shire, where one of them had Patsey Mulligan was one of a a brother working in a coalfamily of ten, brought up on mine, and within three days one of these farms until he of leaving his home in Ireland was seventeen, when his father Patsey found himself a Yorktold him that it was time he shire miner. thought of keeping himself, Hardly had he settled down and, incidentally, of earning to his work in the coal-mine some money for his mother. when the war broke out, folPatsey quite agreed with his lowed by a rush of young father, but soon found that miners to enlist, amongst others it was much easier to talk of Patsey Mulligan; and before getting work in such a poor he realised what he was doing, district as Cloonalla than to he was a full private in a famget it.
ous Yorkshire regiment. PatIn the end Patsey made up sey had, however, enlisted in VOL. OCIX.—NO. MOOLXVI.
the name of Murphy, hoping to keep his people in ignorance of the fact, knowing it would break his mother's heart if she knew he was fighting. Patsey thoroughly enjoyed the training, and within seven months of enlisting embarked for France; and after a few weeks' pleasant life in billets, gradually moved north until finally the battalion took over trenches in the famous salient of Ypres—a great contrast to Patsey's home in the west of Ireland. There happened to be in the battalion a young Irish subaltern by name Anthony Blake, and when Blake told his Company Sergeant-Major to find him a servant—an Irishman if possible—Patsey at once volunteered for the job, and between the two young Irishmen there soon sprang up a friendship through the common bond of danger and discomfort. After some time Patsey learnt through one of the boys with whom he had first crossed to England that his mother was dangerously ill, and that she had repeatedly written to Patsey to come home and see her before she died, but had naturally received no answer. In his trouble he appealed to Blake, and that night found him waiting at Popperinghe Station for the leave train with a return-warrant to Ballybar in his pocket. On his arrival at Ballybar he set out on his long fifteenmile tramp to his home at Cloonalla, and late on a sum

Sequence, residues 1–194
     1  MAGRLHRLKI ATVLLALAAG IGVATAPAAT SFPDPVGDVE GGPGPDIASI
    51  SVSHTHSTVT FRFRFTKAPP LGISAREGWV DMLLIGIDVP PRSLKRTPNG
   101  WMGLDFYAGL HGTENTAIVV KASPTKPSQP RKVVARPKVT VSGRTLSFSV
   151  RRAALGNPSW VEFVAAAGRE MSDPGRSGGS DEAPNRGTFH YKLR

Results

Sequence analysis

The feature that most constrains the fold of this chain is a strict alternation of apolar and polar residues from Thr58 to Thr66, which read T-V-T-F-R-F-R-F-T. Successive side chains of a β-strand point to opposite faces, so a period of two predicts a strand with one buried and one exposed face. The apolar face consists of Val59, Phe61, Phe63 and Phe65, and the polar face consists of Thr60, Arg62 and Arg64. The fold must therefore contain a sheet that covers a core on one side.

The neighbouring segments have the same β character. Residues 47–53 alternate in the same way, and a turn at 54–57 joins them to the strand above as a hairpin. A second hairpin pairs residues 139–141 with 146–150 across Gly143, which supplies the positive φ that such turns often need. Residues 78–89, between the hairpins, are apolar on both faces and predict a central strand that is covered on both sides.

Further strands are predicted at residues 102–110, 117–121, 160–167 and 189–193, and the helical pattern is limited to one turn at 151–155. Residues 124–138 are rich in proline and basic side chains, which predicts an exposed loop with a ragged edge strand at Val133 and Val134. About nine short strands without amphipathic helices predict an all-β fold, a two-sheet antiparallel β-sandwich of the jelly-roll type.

mer's evening the family of Mulligan were startled by a British soldier in full marching Order walking into their home. Before his mother died she made Patsey promise that he would not go back to France and that he would stay at home and help his father to mind the other children. It is hard for a son to refuse his dying mother, and doubly so for an Irish boy. When his mother's funeral was over, Patsey buried his uniform and equipment in a bog-hole at night ; but his rifle he hid in the thatch of an outhouse, and it was given out in the neighbourhood that he had been discharged from the Army as medically unfit. After the usual time Patsey was posted as a deserter in his battalion; Blake found a new servant and forgot all about his late one, while Patsey settled down to work with his . father, and the memory of Blake and the British Army faded from his mind. Though wounded three times, Blake was one of the lucky men to return home to Ireland at the end of the war, and at once set about looking for a job. The son of a country doctor in the south of Ireland, at the outbreak of war he had just left school, and had not had time to settle on a career. But if in England it was hard for ex-officers to get employment, in Ireland it was doubly So ; and Blake soon found that it was next to impossible for a man who had worn the